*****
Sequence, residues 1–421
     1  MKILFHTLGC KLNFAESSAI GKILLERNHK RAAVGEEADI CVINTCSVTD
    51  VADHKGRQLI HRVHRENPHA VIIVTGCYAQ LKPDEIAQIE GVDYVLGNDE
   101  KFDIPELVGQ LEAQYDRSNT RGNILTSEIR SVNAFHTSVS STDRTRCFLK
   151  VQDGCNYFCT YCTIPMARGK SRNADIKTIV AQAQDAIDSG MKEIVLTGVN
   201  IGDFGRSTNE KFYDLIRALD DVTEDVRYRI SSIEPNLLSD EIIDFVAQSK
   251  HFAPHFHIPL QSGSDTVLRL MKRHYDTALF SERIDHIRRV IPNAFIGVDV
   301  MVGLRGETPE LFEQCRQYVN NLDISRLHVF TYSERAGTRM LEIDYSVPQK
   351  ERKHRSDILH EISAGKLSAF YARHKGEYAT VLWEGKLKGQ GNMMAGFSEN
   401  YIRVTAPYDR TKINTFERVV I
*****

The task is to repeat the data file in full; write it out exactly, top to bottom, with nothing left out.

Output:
Sequence, residues 1–421
     1  MKILFHTLGC KLNFAESSAI GKILLERNHK RAAVGEEADI CVINTCSVTD
    51  VADHKGRQLI HRVHRENPHA VIIVTGCYAQ LKPDEIAQIE GVDYVLGNDE
   101  KFDIPELVGQ LEAQYDRSNT RGNILTSEIR SVNAFHTSVS STDRTRCFLK
   151  VQDGCNYFCT YCTIPMARGK SRNADIKTIV AQAQDAIDSG MKEIVLTGVN
   201  IGDFGRSTNE KFYDLIRALD DVTEDVRYRI SSIEPNLLSD EIIDFVAQSK
   251  HFAPHFHIPL QSGSDTVLRL MKRHYDTALF SERIDHIRRV IPNAFIGVDV
   301  MVGLRGETPE LFEQCRQYVN NLDISRLHVF TYSERAGTRM LEIDYSVPQK
   351  ERKHRSDILH EISAGKLSAF YARHKGEYAT VLWEGKLKGQ GNMMAGFSEN
   401  YIRVTAPYDR TKINTFERVV I